Unfulfilled duty haunted Tom.  He was scarred by what he witnessed in the war and felt he had let others down.  He was determined to be better as a light keeper.  So he could not forget the blank he left in the logbook which should have been filled with documentation of Frank and the baby’s beached boat.  But as the story progressed, his own moral dilemma grew to include not only the decision to tell a lie and to keep Lucy knowing the impact that would have on Hannah, but also his obligation to Isabel, who he deeply loved, as her husband.  His job in life was to keep the light burning – nothing more.  And he determined to do this for Isabel, knowing that to tell the truth and to return Lucy could snuff her light out forever.  As he sought to make the best of things, and to assure Hannah that Lucy was alive and well, he was willing to put his own life in jeopardy so that each of them were hurt as little as possible in the process.  Sadly, the circumstances were such that no one could win.    

Someone pointed out that Lucy means light and Grace means God is with us.  She rightly noted that so much depended on this child to bring happiness to so many people.

An interesting interview with the author can be found at here

Monday, November 3, 2014

William Kent Krueger visits Park Grove Library, Monday November 10 at 6:30 pm

Park Grove Library, Cottage Grove is offering a special night "Book Club Special Edition with William Kent Krueger."  We are looking forward to discuss his book Ordinary Grace, which the Park Grove Library Book Club just finished reading and discussing.  We are so excited that the Washington County Library and Park Grove Library has allowed this event to happen and they have stated that the funding for this event is possible due to money from Minnesota's Arts and Cultural Heritage Fund.

We would love to have the community share this evening with us and cherish that we have this time with William Kent Krueger.  Join us for some refreshment and a treat!

ALSO OUR MONTHLY BOOK CLUB WILL MEET Tuesday, November 18 we will discuss Light Between Oceans by M.L. Stedman. We would love to have anyone join us for this discussion!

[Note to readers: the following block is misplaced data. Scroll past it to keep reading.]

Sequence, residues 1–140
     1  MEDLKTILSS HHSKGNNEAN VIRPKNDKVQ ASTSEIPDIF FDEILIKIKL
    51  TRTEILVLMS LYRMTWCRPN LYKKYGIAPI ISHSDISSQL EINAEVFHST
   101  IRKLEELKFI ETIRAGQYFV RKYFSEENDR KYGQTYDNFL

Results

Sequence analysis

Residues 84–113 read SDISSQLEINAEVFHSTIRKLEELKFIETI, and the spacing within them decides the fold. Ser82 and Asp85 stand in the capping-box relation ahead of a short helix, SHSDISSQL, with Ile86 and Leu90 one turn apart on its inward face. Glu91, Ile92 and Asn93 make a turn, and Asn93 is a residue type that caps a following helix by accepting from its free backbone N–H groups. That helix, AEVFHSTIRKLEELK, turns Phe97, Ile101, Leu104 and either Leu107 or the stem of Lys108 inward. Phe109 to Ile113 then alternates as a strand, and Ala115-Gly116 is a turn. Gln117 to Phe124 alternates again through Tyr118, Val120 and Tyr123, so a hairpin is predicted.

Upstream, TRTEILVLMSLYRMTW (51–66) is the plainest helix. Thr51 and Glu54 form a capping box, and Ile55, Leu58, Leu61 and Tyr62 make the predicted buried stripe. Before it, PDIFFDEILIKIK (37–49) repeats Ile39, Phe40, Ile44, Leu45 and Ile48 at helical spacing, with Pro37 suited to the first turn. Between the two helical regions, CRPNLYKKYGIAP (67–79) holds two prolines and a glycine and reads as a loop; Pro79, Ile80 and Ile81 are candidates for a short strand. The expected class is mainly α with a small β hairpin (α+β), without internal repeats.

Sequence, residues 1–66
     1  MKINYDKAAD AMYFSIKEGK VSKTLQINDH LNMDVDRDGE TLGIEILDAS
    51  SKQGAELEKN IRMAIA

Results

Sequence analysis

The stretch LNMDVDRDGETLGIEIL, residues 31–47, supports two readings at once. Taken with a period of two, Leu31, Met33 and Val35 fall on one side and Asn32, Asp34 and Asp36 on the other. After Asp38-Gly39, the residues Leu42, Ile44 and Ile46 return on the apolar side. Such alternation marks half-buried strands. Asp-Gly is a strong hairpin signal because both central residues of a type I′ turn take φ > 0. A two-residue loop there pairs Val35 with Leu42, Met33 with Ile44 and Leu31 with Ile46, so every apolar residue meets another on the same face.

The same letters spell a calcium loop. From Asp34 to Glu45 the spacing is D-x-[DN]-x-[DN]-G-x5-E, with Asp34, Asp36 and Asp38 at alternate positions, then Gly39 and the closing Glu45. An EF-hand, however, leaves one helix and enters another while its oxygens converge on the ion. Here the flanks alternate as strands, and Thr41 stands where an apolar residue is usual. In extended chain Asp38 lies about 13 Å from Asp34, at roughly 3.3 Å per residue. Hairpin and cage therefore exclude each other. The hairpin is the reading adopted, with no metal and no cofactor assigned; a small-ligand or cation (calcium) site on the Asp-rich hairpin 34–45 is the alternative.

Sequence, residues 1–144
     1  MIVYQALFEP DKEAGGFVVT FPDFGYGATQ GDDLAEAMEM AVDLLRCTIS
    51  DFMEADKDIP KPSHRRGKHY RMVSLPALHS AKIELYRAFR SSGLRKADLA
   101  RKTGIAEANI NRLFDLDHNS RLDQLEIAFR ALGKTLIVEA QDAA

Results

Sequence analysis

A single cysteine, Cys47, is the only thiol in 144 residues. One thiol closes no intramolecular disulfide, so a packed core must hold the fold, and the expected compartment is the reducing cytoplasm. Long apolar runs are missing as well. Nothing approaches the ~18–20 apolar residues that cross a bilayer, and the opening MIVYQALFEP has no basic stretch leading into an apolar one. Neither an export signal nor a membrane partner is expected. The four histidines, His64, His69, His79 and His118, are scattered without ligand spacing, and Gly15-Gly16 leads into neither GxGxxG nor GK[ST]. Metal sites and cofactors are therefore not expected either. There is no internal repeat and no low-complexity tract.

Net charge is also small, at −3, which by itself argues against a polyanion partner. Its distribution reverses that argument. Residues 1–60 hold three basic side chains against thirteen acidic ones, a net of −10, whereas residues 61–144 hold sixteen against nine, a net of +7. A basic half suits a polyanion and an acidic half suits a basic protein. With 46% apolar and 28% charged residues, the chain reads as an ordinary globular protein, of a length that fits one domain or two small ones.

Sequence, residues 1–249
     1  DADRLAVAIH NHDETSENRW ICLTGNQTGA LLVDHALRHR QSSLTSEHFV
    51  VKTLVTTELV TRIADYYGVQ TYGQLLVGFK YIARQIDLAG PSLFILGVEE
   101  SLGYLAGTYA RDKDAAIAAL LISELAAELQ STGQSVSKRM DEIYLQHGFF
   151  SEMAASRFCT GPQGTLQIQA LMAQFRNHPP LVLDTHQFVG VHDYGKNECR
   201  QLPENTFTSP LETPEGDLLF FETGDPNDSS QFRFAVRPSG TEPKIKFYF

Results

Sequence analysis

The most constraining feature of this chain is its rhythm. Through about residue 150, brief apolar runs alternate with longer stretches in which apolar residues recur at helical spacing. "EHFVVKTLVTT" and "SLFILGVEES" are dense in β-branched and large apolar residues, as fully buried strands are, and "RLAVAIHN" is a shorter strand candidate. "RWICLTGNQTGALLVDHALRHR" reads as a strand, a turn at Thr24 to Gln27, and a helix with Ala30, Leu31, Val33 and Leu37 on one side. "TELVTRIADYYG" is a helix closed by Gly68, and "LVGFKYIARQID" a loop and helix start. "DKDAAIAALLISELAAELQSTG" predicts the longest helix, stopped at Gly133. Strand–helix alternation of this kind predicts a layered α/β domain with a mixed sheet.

Ordinary Grace by William Kent Krueger

Tuesday, October 28 Park Grove Branch Library Book Club discussed Ordinary  Grace by William Kent Krueger.  Fourteen members were present and all agreed this was a wonderful book.

One member said the book was "so descriptive."  She liked how he used the train tracks in the story, about going somewhere and about Frank becoming a man.  "Really touched my heart" another member commented and she enjoyed the scene at the end of the book where Frank and Jake were at the cemetery with their dad.  "I appreciated how the book promoted forgiveness."  We have a crisis, we are given grace, God is there to keep us moving and we have to get our strength from God someone said. One member said she liked "the iron in his father's voice" and the part written "smoke hung around his mother like she was on fire."  Another shared that she could "envision the places and the boys.  Also touched by the role of religion in helping cope with challenges."  "I felt exactly what I could see, hear and smell while walking down the train tracks" a comment from a member.  Many read the book a few times, even within the month!

We talked of two graces that were in the book, Awful Grace which Nathan Drum talks about "My father used to quote Greek Playwright Aeschylus. 'He who learns must suffer.  And even in our sleep pain, which cannot forget, falls drop by drop upon the heart, until, in our own despair, against our own will comes wisdom through the awful Grace of God." The other Ordinary Grace, the grace that came in not big powerful ways.  So simple even as Gus digging the graves so carefully and with concern for those who have passed.  Nathan Drum visiting the families, even Warren Redstone's family when they were "talked about" in the community.  Frank letting Warren Redstone walk away when the law enforcement were looking for him was one example and another was Jake's stuttering stopped.  Ruth Drum's asking for just an ordinary grace after Ariel's funeral, given by Jake.

We talked about the roles played by the various characters, the red herrings, someone to dislike, questioning and prejudices.  Was the setting New Ulm?  Two members had their list ready to show evidence of why they thought it was New Ulm and many loved that part.  Another member went to college there and was reading the book while in a COFFEE SHOP IN NEW ULM!

Many members loved this part in the book:  "Loss, once it's become a certainty, is like a rock you hold in your hand. It has weight and dimension and texture. It's solid and can be asessed and dealt with. You can use it to beat yourself or you can throw it away."

We could put ourselves into this story and feel the connection.  We felt the grief and the people coming together to help each other.  A few of us thought this reminded us so much of To Kill a Mockingbird.  This too, we felt, was a classic book.  A book that reaches deep into your soul.